The delta across some of the rads is low - wonder if I may need to balance before doing anything else?


Nah, it’s well within the manufacturers specification. Turning on/off every 2 minutes would not be good, but 2 or 3 times per hour is fine. The Mitsubishi has a minimum run time of 20 minutes anyway.

I would recommend having all radiators as open as possible, at both ends. Heat Geek has a video on why not to zone heat pumps.

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Zooming in on the data: can see it cycling through the afternoon as flow (red) goes above the weather compensation (blue). After 17:00, the outdoor temperature drops from 6 to 3C, WC goes up to 40C and heat pump manages a nice hour-long run. COP is more or less the same, at about 3.33.



So I’ve been playing with the weather compensation curve and getting much better COP and house temperature stable at around 19 degrees.

WC set at [email protected] -3 and [email protected] 20.

I’ve left target room temp stable over night (no setback)and I’m seeing cycling and heat pump (I think) - hitting the target temp and turning off (both on flow and on room stat). Would anyone be able to look at the data and decode - overnight data going into this morning 13th March - different pattern of cycling to last night - still ok?


*Edited for clarity


Did you mean that?

Perhaps wrong phrase - apologies - different pattern of cycling?

Possibly better. Generally more cycling is bad, but it might be what you are after. Certainly doesn’t look like bad cycling. Just checking it wasn’t a typo :slight_smile:

That’s an interesting question! I think the problem is that I am not sure what I am “after” - my ideal outcome for all of this is:

  1. “Reasonable” COP - to operationally define that I’d just say within manufacturers / system design predicted range.
  2. Running performance that doesn’t put avoidable strain on components / compressor etc.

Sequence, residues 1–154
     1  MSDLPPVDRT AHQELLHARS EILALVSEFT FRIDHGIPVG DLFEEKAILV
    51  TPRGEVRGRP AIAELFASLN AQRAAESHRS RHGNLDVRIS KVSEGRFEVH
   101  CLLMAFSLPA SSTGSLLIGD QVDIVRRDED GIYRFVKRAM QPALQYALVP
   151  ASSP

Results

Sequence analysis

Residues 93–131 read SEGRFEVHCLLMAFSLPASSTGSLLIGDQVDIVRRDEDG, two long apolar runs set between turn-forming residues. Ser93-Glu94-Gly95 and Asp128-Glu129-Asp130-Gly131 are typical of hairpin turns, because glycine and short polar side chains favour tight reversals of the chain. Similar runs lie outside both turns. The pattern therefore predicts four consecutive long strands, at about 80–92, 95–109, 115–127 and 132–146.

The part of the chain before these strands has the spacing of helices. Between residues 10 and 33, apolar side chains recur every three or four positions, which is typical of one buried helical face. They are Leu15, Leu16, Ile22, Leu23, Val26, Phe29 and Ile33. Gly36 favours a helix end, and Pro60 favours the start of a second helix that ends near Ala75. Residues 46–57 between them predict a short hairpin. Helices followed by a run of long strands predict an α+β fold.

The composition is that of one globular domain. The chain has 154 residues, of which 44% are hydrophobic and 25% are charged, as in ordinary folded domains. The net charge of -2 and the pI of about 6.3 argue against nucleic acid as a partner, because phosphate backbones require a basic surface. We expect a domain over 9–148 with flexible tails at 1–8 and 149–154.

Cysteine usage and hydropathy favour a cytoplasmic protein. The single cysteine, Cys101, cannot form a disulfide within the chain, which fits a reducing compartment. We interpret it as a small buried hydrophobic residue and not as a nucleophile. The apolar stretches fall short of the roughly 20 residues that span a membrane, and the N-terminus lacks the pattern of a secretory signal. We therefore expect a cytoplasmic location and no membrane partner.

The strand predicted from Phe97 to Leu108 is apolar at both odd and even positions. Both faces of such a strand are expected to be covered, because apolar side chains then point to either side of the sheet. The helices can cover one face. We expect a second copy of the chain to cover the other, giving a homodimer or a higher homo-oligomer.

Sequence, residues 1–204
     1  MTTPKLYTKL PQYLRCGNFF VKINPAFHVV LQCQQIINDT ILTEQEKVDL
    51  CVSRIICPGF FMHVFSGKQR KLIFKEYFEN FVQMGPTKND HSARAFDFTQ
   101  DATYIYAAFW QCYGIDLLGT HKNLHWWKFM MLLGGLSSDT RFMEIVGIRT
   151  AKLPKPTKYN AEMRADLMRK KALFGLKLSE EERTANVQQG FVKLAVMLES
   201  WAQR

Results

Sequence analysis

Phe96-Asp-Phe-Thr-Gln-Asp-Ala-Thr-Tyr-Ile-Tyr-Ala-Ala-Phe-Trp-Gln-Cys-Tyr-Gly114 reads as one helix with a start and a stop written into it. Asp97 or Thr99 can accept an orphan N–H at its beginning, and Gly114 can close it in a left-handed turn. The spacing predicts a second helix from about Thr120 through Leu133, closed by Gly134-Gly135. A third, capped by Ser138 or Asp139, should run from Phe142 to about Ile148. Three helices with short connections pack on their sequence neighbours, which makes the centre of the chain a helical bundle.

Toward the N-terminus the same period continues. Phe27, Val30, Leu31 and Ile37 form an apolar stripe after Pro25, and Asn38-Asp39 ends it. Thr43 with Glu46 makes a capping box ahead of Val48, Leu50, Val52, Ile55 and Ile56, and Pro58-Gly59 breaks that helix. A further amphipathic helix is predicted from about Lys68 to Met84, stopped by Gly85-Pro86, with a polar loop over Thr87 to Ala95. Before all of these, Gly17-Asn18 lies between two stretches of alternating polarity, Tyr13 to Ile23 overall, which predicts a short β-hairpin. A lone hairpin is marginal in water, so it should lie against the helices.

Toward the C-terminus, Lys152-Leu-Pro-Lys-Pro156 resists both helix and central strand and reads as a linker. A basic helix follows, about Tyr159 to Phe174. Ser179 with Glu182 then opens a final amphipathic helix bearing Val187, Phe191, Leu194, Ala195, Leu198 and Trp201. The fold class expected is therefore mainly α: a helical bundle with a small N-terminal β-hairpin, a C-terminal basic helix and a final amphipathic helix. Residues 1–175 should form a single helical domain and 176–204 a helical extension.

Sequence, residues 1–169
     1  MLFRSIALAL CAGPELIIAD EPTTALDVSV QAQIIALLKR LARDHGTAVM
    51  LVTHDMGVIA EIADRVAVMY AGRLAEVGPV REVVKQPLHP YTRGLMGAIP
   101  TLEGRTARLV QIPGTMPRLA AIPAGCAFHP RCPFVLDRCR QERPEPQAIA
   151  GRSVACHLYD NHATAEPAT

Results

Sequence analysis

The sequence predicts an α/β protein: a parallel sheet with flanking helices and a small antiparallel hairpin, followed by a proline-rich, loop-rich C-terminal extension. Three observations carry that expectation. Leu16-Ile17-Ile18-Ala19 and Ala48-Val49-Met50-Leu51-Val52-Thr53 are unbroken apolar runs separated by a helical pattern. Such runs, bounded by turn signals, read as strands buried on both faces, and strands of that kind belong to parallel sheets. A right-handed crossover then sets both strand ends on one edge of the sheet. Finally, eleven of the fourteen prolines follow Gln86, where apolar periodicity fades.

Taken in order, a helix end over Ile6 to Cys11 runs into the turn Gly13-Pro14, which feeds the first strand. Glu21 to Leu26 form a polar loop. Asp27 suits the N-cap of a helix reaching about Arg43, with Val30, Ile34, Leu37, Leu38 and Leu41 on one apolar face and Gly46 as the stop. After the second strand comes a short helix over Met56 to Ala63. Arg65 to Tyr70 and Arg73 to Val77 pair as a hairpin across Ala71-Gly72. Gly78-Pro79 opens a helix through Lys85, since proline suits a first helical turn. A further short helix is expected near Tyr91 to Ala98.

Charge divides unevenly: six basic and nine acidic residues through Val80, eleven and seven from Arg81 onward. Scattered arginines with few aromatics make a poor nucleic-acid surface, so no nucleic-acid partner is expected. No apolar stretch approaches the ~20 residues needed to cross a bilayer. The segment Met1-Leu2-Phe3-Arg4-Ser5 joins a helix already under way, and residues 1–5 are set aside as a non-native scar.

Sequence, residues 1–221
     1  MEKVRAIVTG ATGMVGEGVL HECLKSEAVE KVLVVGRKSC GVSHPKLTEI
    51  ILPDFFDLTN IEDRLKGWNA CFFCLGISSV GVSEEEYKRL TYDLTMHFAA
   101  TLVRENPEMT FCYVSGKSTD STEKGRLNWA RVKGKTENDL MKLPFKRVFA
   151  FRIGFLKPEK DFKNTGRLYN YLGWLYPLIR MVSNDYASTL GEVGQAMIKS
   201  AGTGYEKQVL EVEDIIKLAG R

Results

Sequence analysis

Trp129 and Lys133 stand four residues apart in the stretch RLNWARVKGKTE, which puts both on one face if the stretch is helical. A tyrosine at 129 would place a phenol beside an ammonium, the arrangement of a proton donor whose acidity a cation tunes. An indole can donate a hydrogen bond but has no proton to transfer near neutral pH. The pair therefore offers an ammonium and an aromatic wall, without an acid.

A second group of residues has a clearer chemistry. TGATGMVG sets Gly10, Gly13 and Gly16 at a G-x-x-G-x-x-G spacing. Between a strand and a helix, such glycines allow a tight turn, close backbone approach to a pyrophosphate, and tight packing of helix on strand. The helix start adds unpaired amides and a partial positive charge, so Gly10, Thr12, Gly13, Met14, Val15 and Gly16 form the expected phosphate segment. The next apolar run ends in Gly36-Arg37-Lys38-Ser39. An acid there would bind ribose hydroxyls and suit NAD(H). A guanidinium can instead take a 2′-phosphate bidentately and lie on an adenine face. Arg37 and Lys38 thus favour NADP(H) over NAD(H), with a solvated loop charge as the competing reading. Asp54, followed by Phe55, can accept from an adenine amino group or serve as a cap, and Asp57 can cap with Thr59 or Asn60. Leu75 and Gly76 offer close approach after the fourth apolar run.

3. A stable house temperature

So I guess the question is - what does the data tell me in relation to these aims? Any advice welcome!


The cycling of your system overnight looks normal and as per design, taking just 2.9 kWh to generate 13.3 kWh of heat (COP = 4.6). The only thing you can do better is to program in a 2C “setback” of room temperature overnight, though I’m not sure that’s possible with Ecodan controls.


I can set the “timer function” to set back 2C from 10.30pm - 5am for example!



With 3 weeks of data, we can compare COP vs Flow - Outdoor temperature for your system (red) vs mine (blue).

Overall, performance is comparable. Your system has a wider range of COPs, often better than mine, but spends more time at higher flow temperatures where COP isn’t as good.


Thanks interesting!

I still haven’t really played with my weather compensation curve. I’m just learning how the house reacts with blunt adjustments on the main curve at the moment - sat with -3 taken off the whole curve. At colder temperatures the house was stable at 18C (intended temp) but felt cold at times.

I wonder whether a different gradient is needed?

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Or larger / better balanced radiators.

If you had no buffer/header, or a heat meter installed on the radiator side of your existing buffer/header, you could check to see that the flow/return from the radiators, at a given power output (to the house), matched what it ought to be.

Any discrepancy there will be due to radiator balancing / blocking issues. This will increase the flow temperature required to put a certain amount of heat into the property; thereby moving you into a less favourable part of the performance envelope of the heat pump.

A more useful chart for comparing would be 3D. Flow temp vs outside temperature vs COP.

A 45C dT (flow minus outside temperature)